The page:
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Comments

  1. I have long thought that the Academy Awards show was too long and had categories that held little interest to anyone outside of show business. I suspect that the vast majority of people who tune in are interested only in the Best Picture, Best Director, Best Actor and Actresses, Best Supporting Actor and Actress and the Best Song. All of the rest is b o r i n g. The fact that these Awards are stretched out and interspersed over 3+ hours is proof enough. The Awards that people really tune in to see could all be covered in ONE HOUR. Do that and see how the viewship improves.

  2. Sorry Bob, but the Academy Awards/Oscars need to go away—like the Tonight Show and SNL. Still around, but dead for all intents and purposes. The show is the caboose of an already long, dragged-out train of awards shows going back to November. It’s a played-out caricature/parody of itself. That being the case, they might as well feature Kevin Spacey doing that creep act from last month, and Jared Leto who’s just weird and creepy anyway.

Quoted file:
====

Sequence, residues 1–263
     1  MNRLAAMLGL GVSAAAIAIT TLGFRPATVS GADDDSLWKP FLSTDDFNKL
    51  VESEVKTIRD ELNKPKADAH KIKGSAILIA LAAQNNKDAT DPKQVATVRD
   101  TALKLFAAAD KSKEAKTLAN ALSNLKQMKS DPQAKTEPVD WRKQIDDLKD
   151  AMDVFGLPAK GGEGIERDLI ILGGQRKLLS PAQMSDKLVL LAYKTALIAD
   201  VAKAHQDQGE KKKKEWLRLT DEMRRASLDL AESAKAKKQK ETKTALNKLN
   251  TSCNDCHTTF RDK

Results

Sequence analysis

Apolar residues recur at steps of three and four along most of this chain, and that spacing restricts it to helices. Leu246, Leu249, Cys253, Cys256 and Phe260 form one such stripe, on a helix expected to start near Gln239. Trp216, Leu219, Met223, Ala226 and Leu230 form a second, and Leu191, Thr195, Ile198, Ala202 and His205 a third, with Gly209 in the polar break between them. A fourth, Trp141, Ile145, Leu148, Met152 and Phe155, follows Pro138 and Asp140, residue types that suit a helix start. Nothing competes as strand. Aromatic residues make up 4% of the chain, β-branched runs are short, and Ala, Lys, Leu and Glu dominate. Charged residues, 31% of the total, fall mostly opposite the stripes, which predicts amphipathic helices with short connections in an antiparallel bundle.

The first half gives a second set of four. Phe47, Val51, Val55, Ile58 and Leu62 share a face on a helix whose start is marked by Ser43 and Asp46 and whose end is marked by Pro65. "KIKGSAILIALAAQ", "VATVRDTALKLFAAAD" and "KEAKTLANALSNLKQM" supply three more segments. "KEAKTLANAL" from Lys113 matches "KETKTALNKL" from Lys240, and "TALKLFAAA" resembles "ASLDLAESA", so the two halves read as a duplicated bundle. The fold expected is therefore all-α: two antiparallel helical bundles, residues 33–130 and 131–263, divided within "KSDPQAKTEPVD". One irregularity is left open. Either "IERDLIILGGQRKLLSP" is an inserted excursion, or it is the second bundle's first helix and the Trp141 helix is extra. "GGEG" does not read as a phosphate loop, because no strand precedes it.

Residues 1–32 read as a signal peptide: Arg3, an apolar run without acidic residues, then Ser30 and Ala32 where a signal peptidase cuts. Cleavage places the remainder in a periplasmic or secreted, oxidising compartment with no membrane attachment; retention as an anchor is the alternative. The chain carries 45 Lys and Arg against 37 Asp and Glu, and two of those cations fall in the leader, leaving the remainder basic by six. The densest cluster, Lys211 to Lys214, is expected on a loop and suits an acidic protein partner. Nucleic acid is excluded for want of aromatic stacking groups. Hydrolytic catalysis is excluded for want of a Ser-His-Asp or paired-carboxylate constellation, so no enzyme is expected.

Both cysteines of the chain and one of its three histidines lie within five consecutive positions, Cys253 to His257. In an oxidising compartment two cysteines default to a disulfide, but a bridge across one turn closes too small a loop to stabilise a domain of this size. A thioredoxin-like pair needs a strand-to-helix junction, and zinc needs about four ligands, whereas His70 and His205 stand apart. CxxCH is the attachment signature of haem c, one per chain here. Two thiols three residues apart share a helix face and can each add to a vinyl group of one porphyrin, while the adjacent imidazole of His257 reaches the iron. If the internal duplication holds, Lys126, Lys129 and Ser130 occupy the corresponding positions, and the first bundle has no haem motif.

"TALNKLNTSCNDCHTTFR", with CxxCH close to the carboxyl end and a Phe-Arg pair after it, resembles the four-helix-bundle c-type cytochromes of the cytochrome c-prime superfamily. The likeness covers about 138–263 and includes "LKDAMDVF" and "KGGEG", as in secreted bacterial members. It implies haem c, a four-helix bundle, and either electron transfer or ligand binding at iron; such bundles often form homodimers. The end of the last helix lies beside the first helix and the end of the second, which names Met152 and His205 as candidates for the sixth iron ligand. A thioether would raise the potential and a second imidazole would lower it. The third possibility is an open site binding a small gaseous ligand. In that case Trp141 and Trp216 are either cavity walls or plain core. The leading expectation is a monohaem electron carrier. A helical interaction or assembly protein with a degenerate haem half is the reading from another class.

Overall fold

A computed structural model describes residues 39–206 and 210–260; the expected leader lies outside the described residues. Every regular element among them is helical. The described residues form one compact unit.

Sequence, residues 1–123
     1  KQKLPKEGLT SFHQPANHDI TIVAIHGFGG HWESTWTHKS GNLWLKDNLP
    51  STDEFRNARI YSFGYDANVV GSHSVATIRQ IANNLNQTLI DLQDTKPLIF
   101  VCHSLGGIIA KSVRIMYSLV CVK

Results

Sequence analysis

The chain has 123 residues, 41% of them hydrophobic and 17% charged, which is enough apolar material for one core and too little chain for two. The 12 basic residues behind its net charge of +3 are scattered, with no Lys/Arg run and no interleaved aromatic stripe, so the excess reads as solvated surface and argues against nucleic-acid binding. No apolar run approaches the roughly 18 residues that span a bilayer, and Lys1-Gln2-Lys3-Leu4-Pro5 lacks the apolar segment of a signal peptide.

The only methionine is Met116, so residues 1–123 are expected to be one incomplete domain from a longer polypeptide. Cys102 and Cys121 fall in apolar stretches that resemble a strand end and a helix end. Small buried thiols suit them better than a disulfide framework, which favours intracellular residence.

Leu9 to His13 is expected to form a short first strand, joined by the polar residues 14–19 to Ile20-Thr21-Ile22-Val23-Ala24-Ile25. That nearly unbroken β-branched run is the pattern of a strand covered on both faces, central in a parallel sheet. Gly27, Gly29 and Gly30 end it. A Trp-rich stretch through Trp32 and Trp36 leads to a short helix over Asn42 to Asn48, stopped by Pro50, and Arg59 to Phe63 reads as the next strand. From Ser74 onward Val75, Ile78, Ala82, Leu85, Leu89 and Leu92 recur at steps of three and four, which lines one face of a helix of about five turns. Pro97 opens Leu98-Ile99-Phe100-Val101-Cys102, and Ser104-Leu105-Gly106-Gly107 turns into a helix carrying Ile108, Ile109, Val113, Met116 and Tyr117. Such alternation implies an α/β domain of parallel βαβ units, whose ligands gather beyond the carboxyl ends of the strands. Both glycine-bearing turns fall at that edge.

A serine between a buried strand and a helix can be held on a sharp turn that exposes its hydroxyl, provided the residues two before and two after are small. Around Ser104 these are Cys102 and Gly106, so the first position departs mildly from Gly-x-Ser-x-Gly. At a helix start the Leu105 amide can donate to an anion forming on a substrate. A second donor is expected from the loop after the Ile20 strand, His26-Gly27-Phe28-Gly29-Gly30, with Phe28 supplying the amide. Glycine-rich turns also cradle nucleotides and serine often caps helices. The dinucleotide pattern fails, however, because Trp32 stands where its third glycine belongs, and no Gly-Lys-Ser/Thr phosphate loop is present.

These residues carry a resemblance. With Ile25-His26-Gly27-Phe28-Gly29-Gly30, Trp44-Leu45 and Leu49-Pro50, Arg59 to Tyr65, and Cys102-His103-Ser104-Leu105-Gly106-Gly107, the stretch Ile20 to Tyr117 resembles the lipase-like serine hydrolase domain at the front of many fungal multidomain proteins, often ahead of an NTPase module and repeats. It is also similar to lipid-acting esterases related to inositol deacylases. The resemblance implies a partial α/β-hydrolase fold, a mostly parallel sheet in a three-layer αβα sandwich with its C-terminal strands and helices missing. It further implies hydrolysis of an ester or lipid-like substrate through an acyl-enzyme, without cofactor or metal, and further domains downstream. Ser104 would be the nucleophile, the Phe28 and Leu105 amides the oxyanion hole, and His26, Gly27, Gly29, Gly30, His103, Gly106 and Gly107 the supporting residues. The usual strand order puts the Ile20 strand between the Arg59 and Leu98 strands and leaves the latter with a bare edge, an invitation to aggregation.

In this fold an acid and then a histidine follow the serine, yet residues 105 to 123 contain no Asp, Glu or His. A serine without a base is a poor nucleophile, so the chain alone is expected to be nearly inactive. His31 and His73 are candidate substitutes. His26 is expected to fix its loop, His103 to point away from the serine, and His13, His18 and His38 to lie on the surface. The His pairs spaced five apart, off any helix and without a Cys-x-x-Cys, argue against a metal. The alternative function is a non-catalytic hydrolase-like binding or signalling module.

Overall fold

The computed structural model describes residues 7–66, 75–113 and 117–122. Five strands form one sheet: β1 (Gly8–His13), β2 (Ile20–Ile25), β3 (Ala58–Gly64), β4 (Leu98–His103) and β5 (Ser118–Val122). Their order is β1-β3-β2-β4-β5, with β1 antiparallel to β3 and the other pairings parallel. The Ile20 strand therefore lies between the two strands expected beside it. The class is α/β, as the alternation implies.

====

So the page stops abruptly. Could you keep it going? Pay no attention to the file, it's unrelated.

Maybe that will help the sinking ratings on it. That aside, dropping the above 4 categories sounds like a mistake to me too. With all the rain we’ve had in L.A. recently, why can’t it rain like cats & dogs on the 24th, when we need it to?! It should go back to being an untelevised event at the Roosevelt Hotel, by and for them only. No fear of TV cameras picking up the white powder under their noses either. Everyone wins this way, especially the public. It’ll give ‘gone with the wind’ a whole new meaning to boot!

    Speaking of creeps, the Diet Coke gimmick seems desperate and misguided. It’s such a horrible tasting drink; ugghk. Just have a regular Coke here and there instead! Proceed with caution on flirting, Bob. I got a tongue lashing 2 months ago in the comments here for being too flirtatious with Post columnist Gay Haubner, and both of us for defending ‘Baby, It’s Cold Ourside’. Ouch!

    I’m glad typewriters and singing telegrams are still going strong along with Jiffy Pop, rotary phones and shoe repair places. The Saturday Evening Post goes without saying. It’s in an incredible new Golden Age right now, and I just want to see it closer to reaching its full potential with a lot more people. I have 10 on my gift subscription list presently, and everyone LOVES it!! No offense to the President, but getting the Post into more homes and offices will definitely help make America great again!